- a long pin of wood or metal for inserting through meat or other food to hold or bind it in cooking.
- any similar pin for fastening or holding an item in place.
- to fasten with or as if with a skewer.
Origin of skewer
Examples from the Web for skewering
Three days after that, the author of the original Rollins piece published a defense of his skewering of the sax icon.What’s With This Uncool Surge in Jazz Bashing?
November 2, 2014
It was a delicious, pointed response, skewering on the vapidity of asking such things, even if she didn't intend it to be.Whoever Wins What, Watch Out For Minnelli
March 2, 2014
Her sly, skewering banter and provocative cynicism were her defense in a male-dominated profession and also her selling point.Tallulah Bankhead: Gay, Drunk and Liberated in an Era of Excess Art
January 25, 2014
How did a man known for skewering the powerful end up this way?The Fall of India’s Conscience
November 25, 2013
Press watchdogs and Murdoch opponents alike may be hoping to witness a skewering on the stand.James Murdoch Grilled by Leveson Inquiry’s Lead Counsel Robert Jay
April 24, 2012
There was no fingering of hilts or talk of skewering on either side.The Historical Nights' Entertainment
Susanne works intently at the heavy coils of her hair, and the gold pins she is skewering through it.Juggernaut
George Cary Eggleston
Mix thoroughly and fill the fish, sewing or skewering the opening together.Standard Paper-Bag Cookery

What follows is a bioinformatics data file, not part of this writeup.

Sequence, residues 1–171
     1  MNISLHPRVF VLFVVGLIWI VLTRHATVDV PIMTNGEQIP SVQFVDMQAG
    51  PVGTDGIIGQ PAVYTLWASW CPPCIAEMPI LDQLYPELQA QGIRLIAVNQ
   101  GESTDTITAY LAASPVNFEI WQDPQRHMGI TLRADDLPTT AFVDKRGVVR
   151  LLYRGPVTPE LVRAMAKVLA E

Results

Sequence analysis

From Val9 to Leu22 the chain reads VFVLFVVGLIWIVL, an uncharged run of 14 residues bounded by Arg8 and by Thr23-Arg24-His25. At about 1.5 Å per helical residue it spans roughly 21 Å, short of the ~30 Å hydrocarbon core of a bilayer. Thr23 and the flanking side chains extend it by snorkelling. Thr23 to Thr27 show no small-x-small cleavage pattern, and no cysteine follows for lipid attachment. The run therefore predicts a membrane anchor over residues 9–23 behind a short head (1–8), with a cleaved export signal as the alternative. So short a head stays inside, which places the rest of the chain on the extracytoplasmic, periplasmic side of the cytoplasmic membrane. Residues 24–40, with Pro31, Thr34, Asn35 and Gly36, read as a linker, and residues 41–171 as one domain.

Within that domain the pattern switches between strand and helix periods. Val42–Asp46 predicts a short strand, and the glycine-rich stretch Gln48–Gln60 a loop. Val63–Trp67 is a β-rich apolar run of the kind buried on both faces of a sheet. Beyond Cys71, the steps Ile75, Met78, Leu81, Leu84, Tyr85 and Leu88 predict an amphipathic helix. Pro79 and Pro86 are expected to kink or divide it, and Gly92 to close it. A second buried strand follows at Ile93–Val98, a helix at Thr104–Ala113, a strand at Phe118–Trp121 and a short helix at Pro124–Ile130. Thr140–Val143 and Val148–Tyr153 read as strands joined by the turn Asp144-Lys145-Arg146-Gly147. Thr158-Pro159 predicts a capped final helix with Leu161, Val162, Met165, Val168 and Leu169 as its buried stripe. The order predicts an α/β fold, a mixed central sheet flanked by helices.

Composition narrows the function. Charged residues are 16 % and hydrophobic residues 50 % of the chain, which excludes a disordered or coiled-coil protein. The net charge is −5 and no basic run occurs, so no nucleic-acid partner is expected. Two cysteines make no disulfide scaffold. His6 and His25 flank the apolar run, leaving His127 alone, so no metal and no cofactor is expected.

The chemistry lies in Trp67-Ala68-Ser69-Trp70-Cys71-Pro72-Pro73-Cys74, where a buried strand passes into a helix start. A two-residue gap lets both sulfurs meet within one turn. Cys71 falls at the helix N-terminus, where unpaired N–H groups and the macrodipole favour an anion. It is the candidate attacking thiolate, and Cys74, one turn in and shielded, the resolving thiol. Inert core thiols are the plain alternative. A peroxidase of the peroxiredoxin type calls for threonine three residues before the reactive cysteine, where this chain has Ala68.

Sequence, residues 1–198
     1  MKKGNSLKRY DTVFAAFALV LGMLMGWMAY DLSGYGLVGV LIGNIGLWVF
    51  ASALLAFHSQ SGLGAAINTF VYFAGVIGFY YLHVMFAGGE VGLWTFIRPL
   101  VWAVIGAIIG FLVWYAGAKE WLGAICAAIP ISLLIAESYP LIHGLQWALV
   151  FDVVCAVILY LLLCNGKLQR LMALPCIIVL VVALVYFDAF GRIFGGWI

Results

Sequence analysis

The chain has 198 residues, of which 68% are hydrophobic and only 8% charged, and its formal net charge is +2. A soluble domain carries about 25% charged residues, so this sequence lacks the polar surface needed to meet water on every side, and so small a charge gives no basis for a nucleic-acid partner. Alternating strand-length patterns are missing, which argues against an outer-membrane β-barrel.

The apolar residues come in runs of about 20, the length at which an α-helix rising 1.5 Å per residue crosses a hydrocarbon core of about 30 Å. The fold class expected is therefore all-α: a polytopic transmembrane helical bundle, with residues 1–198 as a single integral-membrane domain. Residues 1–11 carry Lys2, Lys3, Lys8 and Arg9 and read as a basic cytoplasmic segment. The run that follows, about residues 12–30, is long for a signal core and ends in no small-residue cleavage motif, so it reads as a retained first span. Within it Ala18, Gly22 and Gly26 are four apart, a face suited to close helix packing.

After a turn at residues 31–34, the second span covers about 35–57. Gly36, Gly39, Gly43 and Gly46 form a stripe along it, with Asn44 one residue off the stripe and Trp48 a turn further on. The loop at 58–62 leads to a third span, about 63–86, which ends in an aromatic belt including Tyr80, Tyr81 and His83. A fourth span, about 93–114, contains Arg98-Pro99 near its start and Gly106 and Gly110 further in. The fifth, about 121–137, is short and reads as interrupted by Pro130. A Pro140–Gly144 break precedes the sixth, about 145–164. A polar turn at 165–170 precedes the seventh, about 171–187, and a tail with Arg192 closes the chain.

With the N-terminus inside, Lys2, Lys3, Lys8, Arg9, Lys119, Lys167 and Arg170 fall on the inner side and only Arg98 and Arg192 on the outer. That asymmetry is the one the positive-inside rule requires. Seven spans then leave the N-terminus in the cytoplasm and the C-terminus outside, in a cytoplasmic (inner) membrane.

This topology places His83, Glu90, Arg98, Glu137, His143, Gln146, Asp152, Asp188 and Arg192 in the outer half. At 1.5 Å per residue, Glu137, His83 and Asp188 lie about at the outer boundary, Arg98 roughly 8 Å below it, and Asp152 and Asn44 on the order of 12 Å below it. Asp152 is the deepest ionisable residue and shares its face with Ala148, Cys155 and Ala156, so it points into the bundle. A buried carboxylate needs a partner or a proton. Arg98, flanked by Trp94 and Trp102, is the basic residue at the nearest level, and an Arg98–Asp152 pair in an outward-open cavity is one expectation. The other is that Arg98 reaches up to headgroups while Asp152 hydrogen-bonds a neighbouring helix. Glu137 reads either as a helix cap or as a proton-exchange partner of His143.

Emma Paddock Telford
Unless he is huge, leave him whole, skewering him flat, and laying him skin side up in the pan.Dishes & Beverages of the Old South
Martha McCulloch Williams
In the figure's hands was a heavy spear and the arm holding it swept aloft preparatory to skewering Tharn on its point.The Return of Tharn
Howard Carleton Browne
- a long pin for holding meat in position while being cooked, etc
- a similar pin having some other function
- chess a tactical manoeuvre in which an attacked man is made to move and expose another man to capture
- (tr) to drive a skewer through or fasten with a skewer
Word Origin and History for skewering
1670s, variant of dialectal skiver (1660s), perhaps from a Scandinavian source, cf. Old Norse skifa "a cut, slice" (of bread, etc.), Swedish skifer "a slate," which are related to shiver (n.1) "small piece."
1701, from the noun. Related: Skewered; skewering.